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RodBeckstrom.xxx will never see the light of day

Kevin Murphy, September 14, 2011, 20:48:11 (UTC), Domain Registries

ICM Registry has reserved the names of dozens of ICANN directors, former directors and members of staff from the new .xxx top-level domain.

RodBeckstrom.xxx, it seems, is going to be permanently protected from cybersquatters.

I’ve reported before that thousands of celebrity names – about 4,300, it has since emerged – were placed into Registry Reserved status.

I can’t believe it did not occur to me until now to see if any domain industry “personalities” were also given the same preemptive protection.

It seems that every current member of the ICANN board has had their name reserved. One borderline case appears to be Ray Plzak, who’s only protected as RaymondAPlzak.xxx.

Two former ICANN directors who left the board this year – Peter Dengate Thrush and Rita Rodin Johnston – are also reserved, though Rita only as RitaRodin.xxx.

Further back, there’s spotty coverage. Raimundo Beca (left the board in 2010), former CEO Paul Twomey (2009) and Michael Palage (2006) have their names reserved, but many others have not.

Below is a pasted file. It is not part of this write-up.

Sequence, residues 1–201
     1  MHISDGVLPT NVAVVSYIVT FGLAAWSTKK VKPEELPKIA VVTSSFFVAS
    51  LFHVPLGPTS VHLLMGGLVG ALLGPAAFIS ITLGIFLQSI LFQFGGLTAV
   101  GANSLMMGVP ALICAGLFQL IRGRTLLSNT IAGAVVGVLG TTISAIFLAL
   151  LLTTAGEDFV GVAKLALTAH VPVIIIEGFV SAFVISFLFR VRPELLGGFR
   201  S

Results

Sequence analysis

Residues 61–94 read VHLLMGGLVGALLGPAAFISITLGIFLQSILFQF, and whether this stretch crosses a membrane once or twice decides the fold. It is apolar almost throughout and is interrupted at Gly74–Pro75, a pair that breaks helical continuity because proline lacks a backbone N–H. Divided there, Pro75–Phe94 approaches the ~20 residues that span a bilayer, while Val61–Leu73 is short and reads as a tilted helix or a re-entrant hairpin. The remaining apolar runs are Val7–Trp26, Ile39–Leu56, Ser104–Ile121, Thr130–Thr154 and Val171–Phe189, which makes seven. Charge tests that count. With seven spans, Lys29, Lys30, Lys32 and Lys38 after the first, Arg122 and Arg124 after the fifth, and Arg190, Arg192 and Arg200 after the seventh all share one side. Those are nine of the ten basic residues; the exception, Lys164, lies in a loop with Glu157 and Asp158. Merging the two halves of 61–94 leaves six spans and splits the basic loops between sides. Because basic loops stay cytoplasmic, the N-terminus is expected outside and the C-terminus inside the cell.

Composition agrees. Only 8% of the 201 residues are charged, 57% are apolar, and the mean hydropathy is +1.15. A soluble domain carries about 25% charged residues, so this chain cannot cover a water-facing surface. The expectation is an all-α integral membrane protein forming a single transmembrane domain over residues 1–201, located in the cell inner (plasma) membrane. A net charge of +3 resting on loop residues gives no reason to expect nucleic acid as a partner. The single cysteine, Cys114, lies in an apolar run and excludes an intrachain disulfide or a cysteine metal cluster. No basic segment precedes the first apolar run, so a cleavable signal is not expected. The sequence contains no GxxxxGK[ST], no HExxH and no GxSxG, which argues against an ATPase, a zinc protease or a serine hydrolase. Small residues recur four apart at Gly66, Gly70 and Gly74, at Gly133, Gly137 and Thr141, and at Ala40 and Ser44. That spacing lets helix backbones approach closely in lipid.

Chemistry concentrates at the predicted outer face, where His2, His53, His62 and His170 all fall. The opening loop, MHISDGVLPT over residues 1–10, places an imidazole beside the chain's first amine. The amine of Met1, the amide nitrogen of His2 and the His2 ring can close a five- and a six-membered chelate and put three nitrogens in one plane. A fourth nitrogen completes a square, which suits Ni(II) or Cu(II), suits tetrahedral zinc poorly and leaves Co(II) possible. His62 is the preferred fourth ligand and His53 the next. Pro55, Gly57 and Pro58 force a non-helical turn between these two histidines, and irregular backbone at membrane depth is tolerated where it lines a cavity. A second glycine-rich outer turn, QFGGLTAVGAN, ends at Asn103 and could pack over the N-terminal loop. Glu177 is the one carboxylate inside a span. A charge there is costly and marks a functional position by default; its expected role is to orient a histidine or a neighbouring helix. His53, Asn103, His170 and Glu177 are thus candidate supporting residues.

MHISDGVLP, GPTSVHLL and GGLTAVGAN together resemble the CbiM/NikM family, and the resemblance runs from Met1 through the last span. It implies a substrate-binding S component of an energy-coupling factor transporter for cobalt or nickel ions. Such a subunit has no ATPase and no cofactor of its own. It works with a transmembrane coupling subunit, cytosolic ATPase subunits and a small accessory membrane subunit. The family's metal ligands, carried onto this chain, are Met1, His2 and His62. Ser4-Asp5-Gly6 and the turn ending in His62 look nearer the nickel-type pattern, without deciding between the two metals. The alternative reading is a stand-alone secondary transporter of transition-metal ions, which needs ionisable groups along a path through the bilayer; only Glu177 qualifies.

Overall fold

Lots of ICANN staffers have been bestowed reserved status too, but again it appears to be quite random whether they’re included or not.

It does not appear to be based on rank (some VPs are excluded, but some mid-level employee names are reserved) or profile (some reserved names will be unfamiliar to anybody who does not attend ICANN meetings).

ICM has also reserved the names of all of its own employees.

I have been unable to find any big industry names from outside ICM and ICANN that are on the list. Bob Parsons is going to have to defensively register bobparsons.xxx, for example.

It’s worth noting that it’s against ICM’s rules to register any personal name under .xxx that is not the registrant’s own legal name or stage name, no matter what their intentions are.

Unlike .com, with .xxx registrants have to enter into an agreement with the registry – not just the registrar – when they buy a .xxx name.

It’s quite possible – though I’ve yet to confirm – that ICM will be able to disable any unauthorized personal name registered in .xxx without the offended party having to file an expensive claim.

And because registrants’ identities will be checked by ICM at the time of registration, even if they use Whois privacy, that should presumably be fairly easy to enforce in most cases.

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